“When you pray for something, believe you already have it…and then you will receive it.”
“Ultimately, it’s how do I respond to what to happens (that matters) not what actually happens. That is your area of freedom. You can choose to respond consciously and then you are not at mercy to what happens to you.”
I’m thinking about becoming a pescatarian…
Really? I thought you were a devout Catholic!
It’s not what, why, where, or when you do it.
…because what you focus on GROWS!
It’s easy to complain and not realize it. Some believe that venting is healthy. It can even become a bonding experience: sharing complaints with your co-workers can provide a false sense of camaraderie. The problem is, it can become a habit and then become a part of your personality.
You don’t want to be that person!
Be firm and let people know your boundaries, but…
Focus, instead, on what you DO want. And get going!
I was shopping in a clothing store yesterday. I overheard one lady tell another, “Tag these before you put those away.” She said it in a very bossy and unkind way.
The other lady responded in a cheery tone, “Sounds good! I will definitely do that.”
Another command in a cold tone followed: “When you’re done with those, these need to be put away.”
“Got it! I will do it right away. No problem!”
For a second, I wondered if they were joking around. But there was no joviality or levity with the first lady. She was dead serious. The commands continued with the same enthusiastic, positive voice responding. They didn’t share a laugh. It was a genuine conversation with the junior retailer maintaining a positive demeanor.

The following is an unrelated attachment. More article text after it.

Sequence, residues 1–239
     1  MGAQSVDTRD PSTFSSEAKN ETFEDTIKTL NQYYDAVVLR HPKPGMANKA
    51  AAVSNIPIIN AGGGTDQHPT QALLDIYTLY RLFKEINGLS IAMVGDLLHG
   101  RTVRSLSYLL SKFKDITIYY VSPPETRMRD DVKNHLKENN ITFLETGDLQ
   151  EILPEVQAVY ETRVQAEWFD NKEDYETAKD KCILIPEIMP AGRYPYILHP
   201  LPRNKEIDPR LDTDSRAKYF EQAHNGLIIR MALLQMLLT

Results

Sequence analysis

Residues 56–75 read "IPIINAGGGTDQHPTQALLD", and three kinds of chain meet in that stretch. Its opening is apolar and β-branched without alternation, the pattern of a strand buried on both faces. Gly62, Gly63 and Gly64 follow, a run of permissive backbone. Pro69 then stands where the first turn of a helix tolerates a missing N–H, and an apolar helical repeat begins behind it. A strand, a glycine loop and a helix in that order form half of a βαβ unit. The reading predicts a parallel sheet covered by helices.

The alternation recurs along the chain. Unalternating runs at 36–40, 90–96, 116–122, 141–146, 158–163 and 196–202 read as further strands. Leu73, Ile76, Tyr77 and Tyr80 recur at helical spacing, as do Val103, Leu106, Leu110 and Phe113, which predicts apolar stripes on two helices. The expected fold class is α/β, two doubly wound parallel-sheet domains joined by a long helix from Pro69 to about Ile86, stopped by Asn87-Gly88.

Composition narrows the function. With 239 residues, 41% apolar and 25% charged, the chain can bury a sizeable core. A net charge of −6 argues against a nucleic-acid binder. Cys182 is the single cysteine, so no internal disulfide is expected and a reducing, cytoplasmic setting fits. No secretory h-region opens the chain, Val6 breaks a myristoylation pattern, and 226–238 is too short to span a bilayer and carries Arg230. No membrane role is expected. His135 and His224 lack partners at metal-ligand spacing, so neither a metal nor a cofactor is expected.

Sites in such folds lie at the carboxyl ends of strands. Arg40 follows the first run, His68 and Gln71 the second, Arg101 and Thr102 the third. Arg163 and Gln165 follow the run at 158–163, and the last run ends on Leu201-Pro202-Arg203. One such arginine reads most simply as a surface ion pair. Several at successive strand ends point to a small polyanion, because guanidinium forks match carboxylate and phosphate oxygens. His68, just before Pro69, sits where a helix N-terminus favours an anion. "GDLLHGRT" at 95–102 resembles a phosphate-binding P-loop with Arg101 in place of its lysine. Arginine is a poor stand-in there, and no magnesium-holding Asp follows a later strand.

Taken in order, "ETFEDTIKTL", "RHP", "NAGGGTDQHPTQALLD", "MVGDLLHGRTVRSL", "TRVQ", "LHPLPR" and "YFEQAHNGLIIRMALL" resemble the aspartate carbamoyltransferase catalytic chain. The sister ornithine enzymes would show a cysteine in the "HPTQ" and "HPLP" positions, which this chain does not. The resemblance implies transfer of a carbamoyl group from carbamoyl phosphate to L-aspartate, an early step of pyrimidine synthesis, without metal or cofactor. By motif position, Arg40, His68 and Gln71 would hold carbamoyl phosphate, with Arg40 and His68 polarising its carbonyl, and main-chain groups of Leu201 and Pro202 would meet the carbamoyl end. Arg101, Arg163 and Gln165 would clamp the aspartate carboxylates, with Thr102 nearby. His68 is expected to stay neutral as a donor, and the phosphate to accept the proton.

The cheery saleslady demonstrated true persistence and integrity. Most people react to negativity with more negativity. In remaining unchanged, the lively retailer took responsibility for her own actions and her own feelings. She was unshakably positive. This is what is meant by “non-reaction” (Tolle). This is one of the keys to inner peace.
I’m grocery shopping on a Saturday morning.
It’s crowded and I’m behind two elderly ladies who are walking slowly. I want to go faster. I feel anxious. But I keep frustration at bay. When the lane clears, I will get past them. Besides, someday, I, too, will have white hair, age spots and arthritis. They are cute. Are they sisters?
Suddenly, someone sighs heavily behind me. His cart dashes passed me and then passed the ladies, to our left. He is a very fit and tan man in his thirties. Swiftly, he parks his cart in front of the glass doors, reaches for yogurt and throws it into his cart. He scurries out of sight.
How dare he! He could hurt someone! What a menace…
My indignation softens. I actually feel sorry for him. He’s in some kind of pain which manifests itself this way. If he was happy, he wouldn’t act that way.
Choosing to see him in this light, my anger dissolves.